Thursday, January 25, 2007


hmm, to adjust or not to adjust

Today is W2 day at work and I've already gone online and filed my return, $741 refund which is direct deposited into savings. Now I'm considering adjusting my withholding. The IRS has a handy withholding calculator, you input your 2007 estimates (salary, retirement contributions etc) and they recommend how many allowances to claim. IRS says my estimated 2007 refund is approx. $800 and they recommend claiming one allowance which I already do. But alternately they say that if I change my allowance to two, I will end up owing about $50. Now I figure that if I change to two allowances, that the $800 refund I am giving up should be reflected as additional monies in my paycheck. So subtracting the $50 they say I will owe and dividing by the number of paydays left this year, that comes out to roughly an extra $34/check. My conundrum becomes this: will I fritter away the extra money each check or be good about putting it directly into savings? If I'm going to be a fritter-er, its probably best to stick with the refund. And it is quite nice to have a nice chunk of change going into my savings at the start of the year. Sounds to me like I'll just stick with the status quo, but if my refund ever gets larger I'll have to visit this issue again.

Wednesday, January 24, 2007


How do I decide: buy a house or save for retirement

Having started rather late in life with worrying about saving for retirement, saving for a house or just saving in general I'm finding myself becoming obsessed. How am I going to be able to do both when I have less than $3k saved up? Should I even attempt to do both or should I just concentrate on one? If I concentrate on one, which one should it be? Last week I had no clue, yesterday I decided I could do both. I was all set to start maxing out my IRA once I am debt free in April and then really start socking away money for a house downpayment. Well now I read this in today's Seattle PI and I'm undecided again:

The median Seattle home sold last year cost $449,950 -- 6 percent higher than homes in King County as a whole and nearly 40 percent higher than the median for the 19 counties in the Northwest MLS. The median new house cost 13 percent more than the median existing house.

Condominiums continue to become a larger part of Seattle's home market, accounting for 28.5 percent of homes sold last year, up from 28.3 percent in 2005 and 26.6 percent in 2004. The typical condominium sold for $292,950.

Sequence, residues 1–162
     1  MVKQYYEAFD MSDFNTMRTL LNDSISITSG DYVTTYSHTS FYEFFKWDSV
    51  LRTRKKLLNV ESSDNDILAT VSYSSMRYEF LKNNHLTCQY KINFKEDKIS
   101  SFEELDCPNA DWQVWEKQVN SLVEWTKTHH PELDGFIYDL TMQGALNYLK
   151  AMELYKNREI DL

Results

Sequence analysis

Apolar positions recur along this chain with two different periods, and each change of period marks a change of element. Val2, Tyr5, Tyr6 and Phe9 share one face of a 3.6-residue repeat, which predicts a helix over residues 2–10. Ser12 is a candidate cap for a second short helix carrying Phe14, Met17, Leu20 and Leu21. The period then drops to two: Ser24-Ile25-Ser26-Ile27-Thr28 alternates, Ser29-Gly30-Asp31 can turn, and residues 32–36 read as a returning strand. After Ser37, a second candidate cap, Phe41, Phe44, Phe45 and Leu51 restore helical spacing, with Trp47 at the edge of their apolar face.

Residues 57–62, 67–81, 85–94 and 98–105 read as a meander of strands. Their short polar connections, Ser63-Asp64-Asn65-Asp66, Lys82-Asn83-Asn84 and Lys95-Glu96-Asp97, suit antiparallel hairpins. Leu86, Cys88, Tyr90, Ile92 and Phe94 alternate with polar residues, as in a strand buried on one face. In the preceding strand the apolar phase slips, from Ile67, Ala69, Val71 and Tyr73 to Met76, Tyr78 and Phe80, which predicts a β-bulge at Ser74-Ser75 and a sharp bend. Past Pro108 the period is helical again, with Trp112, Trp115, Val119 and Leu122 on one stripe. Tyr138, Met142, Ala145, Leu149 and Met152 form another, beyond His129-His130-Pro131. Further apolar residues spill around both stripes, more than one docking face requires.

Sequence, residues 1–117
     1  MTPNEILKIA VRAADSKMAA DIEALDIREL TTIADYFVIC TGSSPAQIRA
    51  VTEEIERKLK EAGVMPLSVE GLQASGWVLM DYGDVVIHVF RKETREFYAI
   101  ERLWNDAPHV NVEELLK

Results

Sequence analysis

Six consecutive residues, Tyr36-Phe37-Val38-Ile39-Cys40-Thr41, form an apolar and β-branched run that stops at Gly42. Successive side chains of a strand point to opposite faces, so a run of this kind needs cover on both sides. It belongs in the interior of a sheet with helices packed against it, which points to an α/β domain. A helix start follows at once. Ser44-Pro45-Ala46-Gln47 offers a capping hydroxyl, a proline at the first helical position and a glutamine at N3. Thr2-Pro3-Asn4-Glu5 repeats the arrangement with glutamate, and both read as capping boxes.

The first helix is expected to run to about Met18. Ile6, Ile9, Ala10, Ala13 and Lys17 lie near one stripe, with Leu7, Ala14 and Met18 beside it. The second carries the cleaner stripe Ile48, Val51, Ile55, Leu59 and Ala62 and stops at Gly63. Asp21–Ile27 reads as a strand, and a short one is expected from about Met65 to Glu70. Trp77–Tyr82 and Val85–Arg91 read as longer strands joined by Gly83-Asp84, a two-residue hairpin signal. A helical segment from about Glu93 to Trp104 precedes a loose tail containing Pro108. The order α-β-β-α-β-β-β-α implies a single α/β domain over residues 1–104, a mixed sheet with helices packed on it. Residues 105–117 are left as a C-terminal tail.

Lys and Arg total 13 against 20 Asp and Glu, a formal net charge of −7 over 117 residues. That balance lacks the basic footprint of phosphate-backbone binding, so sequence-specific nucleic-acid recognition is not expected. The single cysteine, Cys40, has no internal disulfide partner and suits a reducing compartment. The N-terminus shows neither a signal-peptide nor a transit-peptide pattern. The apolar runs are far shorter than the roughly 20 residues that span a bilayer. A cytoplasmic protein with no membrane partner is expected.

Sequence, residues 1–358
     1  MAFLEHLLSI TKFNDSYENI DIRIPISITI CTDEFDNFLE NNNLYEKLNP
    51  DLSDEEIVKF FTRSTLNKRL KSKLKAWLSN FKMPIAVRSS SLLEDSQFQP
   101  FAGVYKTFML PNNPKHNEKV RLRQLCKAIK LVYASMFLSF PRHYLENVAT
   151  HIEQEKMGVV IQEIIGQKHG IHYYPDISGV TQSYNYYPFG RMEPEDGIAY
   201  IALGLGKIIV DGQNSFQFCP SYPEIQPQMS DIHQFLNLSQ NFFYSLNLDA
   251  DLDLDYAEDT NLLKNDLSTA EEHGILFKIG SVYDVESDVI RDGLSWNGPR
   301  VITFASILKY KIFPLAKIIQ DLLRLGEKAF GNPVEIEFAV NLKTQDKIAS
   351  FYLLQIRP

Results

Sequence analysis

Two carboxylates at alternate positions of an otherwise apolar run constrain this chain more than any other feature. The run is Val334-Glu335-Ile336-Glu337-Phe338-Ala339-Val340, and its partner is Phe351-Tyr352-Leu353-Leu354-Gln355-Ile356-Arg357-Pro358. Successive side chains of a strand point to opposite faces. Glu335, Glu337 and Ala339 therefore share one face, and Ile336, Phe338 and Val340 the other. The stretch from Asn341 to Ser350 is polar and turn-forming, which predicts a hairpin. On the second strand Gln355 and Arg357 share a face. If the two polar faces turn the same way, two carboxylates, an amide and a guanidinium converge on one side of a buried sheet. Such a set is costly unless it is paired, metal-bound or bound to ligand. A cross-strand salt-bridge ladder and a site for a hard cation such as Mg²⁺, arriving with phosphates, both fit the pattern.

The housing market here is sooo expensive, the article says that a downturn is coming at the end of the year but I don't believe a downturn will make housing that much more affordable. My salary is only around $48k, I think a median home price of $449k is to much for me to take on. And I don't really want to move out of the city because I work in the city and I want to keep my commute time as little as possible. Oh what to do???

Monday, January 22, 2007


Where do my tax dollars go?

Boston Gal had an interesting post last week linking to an article about voluntarily reducing your income to the level where you do not have to pay income taxes and this being a form of antiwar protest. Frankly I don't think this would be possible for me, but it also led me to wonder, what about all the other programs that tax dollars support, which is how I found the National Priorities Project . They have a handy little pie chart where you put in how much you paid in income taxes and they break it down so you can see where it went. My 2005 tax dollars went to:

Tax Chart

Of the $5994.32 you paid in taxes:
$1708.38 goes to the military
$1120.94 goes to pay the interest on the debt
$1210.85 goes to health care
$395.63 goes to income security
$245.77 goes to education
$221.79 goes to benefits for veterans
$161.85 goes to nutrition spending
$119.89 goes to housing
$83.92 goes to environmental protection
$17.98 goes to job training
$695.34 goes to all other expenses

David Gross, who is the gentleman who reduced his income, has a website where he provides a guide on "How to Resist the Federal Income Tax Through the “Don’t Owe Nothin’” Method" in case you'd like to give it a go.

Wednesday, January 10, 2007


Coming Back Soon

I'm coming back soon, this is a promise to myself more than anything. I had holiday apathy all of December, but my new buzzwords for 2007 (instead of resolutions) are diligent and healthy which means that I will be diligent in posting to my poor little blog.